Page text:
I did a spreadsheet for all simplifications on that site. I then set June 1st ELO to zero. I then summed the ELO gain ( or loss) for all simplification from June First to December First. The net ELO loss was 24.54 ELO over a six month period. IMHO this is too much ELO loss. Six months is too much time to wait for a statistical correction. The easiest way to fix this is to slightly alter the simplification bounds on the the tests. E.g. changing the bounds from [-3.00, 1.00] to something like [-2.50, 1.50] would favor less ELO loss (or a shorter time for a correction to occur). It might make simplification slightly harder to pass but it reduces the chances of having long runs of simplifications that have a net ELO loss.Uri Blass wrote: ↑Thu Dec 12, 2019 6:09 pmThis is about the linkZenmastur wrote: ↑Thu Dec 12, 2019 12:42 pmI have no clue what all this is supposed to mean.Uri Blass wrote: ↑Thu Dec 12, 2019 2:56 am

There are not enough games to know if a simplification is a regression or an improvement but you can get an unbiased estimate for the average value of simplifications from stockfish10.

These are the first numbers and you need to get more numbers from the link and calculate average for that purpose.

At least when I look at the first numbers it seems to me that the average is positive.

209.73->207.78(-1.95 elo) 1.12.2018 simplification

208.88->206.03(-2.85 elo) 6.12.2018 simplification

208.75->211.58(2.83 elo) 16.12.2018 simplification

214.03->216.00(1.97 elo) 16.12.2018 simplification

214.25->213.08(-1.17 elo) 24.12.2018 simplification

212.66->213.98(1.32 elo) 27.12.2018 simplification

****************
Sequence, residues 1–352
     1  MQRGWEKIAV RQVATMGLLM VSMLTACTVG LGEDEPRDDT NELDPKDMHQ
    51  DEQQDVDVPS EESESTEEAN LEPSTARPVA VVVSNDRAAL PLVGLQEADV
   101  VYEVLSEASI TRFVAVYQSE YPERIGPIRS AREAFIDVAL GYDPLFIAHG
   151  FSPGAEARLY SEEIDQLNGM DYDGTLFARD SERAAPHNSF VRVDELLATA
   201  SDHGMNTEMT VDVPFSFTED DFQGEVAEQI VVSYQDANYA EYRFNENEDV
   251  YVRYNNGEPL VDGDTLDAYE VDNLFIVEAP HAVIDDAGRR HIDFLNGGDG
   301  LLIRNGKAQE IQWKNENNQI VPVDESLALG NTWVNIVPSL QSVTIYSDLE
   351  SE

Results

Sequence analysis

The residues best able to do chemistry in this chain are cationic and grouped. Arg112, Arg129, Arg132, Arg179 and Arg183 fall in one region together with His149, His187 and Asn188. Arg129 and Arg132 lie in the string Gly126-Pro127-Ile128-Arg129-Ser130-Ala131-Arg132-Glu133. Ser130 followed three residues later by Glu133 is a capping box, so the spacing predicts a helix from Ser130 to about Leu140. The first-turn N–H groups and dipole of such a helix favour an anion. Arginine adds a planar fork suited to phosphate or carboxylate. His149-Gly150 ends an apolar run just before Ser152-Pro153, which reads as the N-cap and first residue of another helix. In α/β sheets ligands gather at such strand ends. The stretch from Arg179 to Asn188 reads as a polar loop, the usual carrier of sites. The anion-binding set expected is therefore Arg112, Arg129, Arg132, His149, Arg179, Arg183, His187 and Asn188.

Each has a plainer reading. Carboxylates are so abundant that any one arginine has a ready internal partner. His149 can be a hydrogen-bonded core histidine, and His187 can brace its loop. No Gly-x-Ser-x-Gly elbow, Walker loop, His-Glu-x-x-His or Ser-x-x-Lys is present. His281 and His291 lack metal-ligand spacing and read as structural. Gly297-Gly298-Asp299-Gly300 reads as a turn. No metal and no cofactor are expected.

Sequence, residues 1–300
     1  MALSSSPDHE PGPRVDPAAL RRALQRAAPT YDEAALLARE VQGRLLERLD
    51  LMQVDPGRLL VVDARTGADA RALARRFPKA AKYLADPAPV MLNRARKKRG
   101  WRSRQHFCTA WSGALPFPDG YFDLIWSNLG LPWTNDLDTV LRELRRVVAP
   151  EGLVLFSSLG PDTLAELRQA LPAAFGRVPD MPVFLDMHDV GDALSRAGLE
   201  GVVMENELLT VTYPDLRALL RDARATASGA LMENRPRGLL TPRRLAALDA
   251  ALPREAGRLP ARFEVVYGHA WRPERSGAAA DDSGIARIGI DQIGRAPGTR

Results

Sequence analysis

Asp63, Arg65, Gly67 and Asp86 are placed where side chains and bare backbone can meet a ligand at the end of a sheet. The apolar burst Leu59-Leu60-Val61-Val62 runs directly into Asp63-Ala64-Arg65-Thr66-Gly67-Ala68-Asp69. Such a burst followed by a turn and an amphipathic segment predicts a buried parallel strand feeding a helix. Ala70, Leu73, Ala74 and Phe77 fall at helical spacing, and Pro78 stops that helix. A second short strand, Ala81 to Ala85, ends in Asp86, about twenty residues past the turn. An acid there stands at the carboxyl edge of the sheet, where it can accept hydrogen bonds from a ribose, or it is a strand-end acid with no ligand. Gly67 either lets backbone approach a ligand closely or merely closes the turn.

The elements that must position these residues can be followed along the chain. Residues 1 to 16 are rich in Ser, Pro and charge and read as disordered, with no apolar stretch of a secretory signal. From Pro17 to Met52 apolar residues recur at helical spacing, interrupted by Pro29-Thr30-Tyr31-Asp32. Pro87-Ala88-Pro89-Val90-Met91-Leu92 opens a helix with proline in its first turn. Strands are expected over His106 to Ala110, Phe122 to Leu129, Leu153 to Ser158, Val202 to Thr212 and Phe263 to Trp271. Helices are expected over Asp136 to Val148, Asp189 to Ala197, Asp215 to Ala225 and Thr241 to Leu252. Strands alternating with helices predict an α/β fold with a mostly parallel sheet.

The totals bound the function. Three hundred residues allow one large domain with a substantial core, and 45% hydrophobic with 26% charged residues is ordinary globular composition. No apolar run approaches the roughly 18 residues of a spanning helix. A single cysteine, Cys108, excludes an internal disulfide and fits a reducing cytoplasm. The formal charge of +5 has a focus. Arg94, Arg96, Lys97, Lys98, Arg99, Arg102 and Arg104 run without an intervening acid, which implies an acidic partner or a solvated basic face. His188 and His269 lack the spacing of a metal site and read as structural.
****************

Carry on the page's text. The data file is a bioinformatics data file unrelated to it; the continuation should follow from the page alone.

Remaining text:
209.88->210.54(0.66 elo) 4.1.2019 simplification

211.45->215.12(3.67 elo) 10.1.2019 simplification

215.12->212.84(-2.28 elo) 14.1.2019 simplification

212.84->212.17(-0.67 elo) 14.1.2019 simplification

212.17->216.75(4.58 elo) 17.1.2019 simplification

215.25->217.07(1.82 elo) 22.1.2019 simplification

216.10->215.10(-1 elo) 29.1.2019 simplification

215.10->221.39(6.29 elo) 31.1.2019 simplification

217.75->219.64(1.89 elo) 8.2.2019 simplification

219.64->220.48(0.84 elo) 21.2.2019 simplification

220.48->220.45(-0.03 elo) 21.2.2019 simplification

218.64->219.64(1 elo) 27.2.2019 simplification

220.93->218.38->220.45(-0.48 elo) 5.3 simplifications

219.49->220.93(+1.44 elo) 10.3 simplification

219.87->218.20(-1.67 elo) 20.3 simplification

221.09->218.53(-2.56 elo) 24.3 simplification

217.85->218.81(0.96 elo) 4.4 simplification

223.36->220.86->221.82(-1.54 elo) 13.4 simplifications

219.64->219.14->218.61->219.15(-0.49 elo) 16.4 smplifications

219.15->220.30(1.15 elo) 17.4 simplification

218.51->218.61(0.1 elo) 19.4 simplification

221.37->220.81->225.70(4.33 elo) 9.5 simplifications

I will explain one line and you can understand the other lines based on the same logic

209.73->207.78(-1.95 elo) 1.12.2018 simplification

The following lines are from the link

https://nextchessmove.com/dev-builds

20181201-0929 20000 11146 433 8421 +207.78 +/- 3.64 Simplification

20181129-1517 20000 11271 478 8251 +209.73 +/- 3.69 Non Functional

209.73 is elo difference from stockfish7 before the simplification.

207.78 is elo difference from stockfish7 after the simplification.

-1.95 is the estimate for elo improvement from the simplification(note that the statistical mistake is above 3.6 elo).

1.12.2018 is the date of the simplification.

The idea is that you can get unbiased estimate for the elo that stockfish get from simplifications by the sum of all these numbers.

I did not calculate the sum of all these numbers but at least the sum of the numbers that I wrote that is only about part of the simplications is above 0.

Maybe somebody can continue to calculate the sum of all the numbers(there are many simplifications after the simplification of 9.5.2019 when I did not write the numbers but you can get it from the link).

Regards,

Zenmastur